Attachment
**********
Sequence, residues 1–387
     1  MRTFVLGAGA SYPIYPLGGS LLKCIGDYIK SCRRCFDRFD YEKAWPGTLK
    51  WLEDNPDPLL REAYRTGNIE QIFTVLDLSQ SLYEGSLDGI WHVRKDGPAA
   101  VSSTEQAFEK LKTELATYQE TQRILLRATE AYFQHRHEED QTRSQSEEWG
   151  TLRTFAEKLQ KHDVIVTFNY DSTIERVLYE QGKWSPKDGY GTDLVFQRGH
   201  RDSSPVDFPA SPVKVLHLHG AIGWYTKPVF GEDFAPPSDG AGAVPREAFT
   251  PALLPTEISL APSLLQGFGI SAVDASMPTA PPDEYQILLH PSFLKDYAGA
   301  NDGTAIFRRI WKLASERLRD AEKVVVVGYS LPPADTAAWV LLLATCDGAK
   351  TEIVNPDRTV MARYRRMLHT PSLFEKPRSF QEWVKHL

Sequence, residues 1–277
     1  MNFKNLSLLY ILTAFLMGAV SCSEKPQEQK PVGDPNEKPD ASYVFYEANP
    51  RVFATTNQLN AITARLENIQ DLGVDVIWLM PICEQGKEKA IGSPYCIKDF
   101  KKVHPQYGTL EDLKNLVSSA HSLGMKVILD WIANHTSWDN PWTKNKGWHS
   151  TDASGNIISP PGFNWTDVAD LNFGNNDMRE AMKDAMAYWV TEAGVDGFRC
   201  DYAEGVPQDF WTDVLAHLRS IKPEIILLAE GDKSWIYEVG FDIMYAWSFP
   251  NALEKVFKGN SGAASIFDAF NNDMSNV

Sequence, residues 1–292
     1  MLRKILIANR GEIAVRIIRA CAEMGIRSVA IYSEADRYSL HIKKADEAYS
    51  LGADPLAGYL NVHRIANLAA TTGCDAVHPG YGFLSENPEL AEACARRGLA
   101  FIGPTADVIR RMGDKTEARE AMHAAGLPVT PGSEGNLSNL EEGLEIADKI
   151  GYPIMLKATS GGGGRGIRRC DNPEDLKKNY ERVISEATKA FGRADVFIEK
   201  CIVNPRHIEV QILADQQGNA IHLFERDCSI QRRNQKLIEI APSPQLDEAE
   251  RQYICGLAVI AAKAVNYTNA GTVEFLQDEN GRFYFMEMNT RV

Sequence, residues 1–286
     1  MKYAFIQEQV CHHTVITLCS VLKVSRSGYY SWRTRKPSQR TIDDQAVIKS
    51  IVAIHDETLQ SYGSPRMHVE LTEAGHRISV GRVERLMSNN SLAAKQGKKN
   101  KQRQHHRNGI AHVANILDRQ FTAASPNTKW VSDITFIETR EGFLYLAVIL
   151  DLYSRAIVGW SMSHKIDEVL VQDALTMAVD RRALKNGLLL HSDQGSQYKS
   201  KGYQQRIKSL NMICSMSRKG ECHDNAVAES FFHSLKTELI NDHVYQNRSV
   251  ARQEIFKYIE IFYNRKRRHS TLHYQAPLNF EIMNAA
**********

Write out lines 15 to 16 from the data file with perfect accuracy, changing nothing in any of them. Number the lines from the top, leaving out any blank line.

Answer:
   201  DYAEGVPQDF WTDVLAHLRS IKPEIILLAE GDKSWIYEVG FDIMYAWSFP
   251  NALEKVFKGN SGAASIFDAF NNDMSNV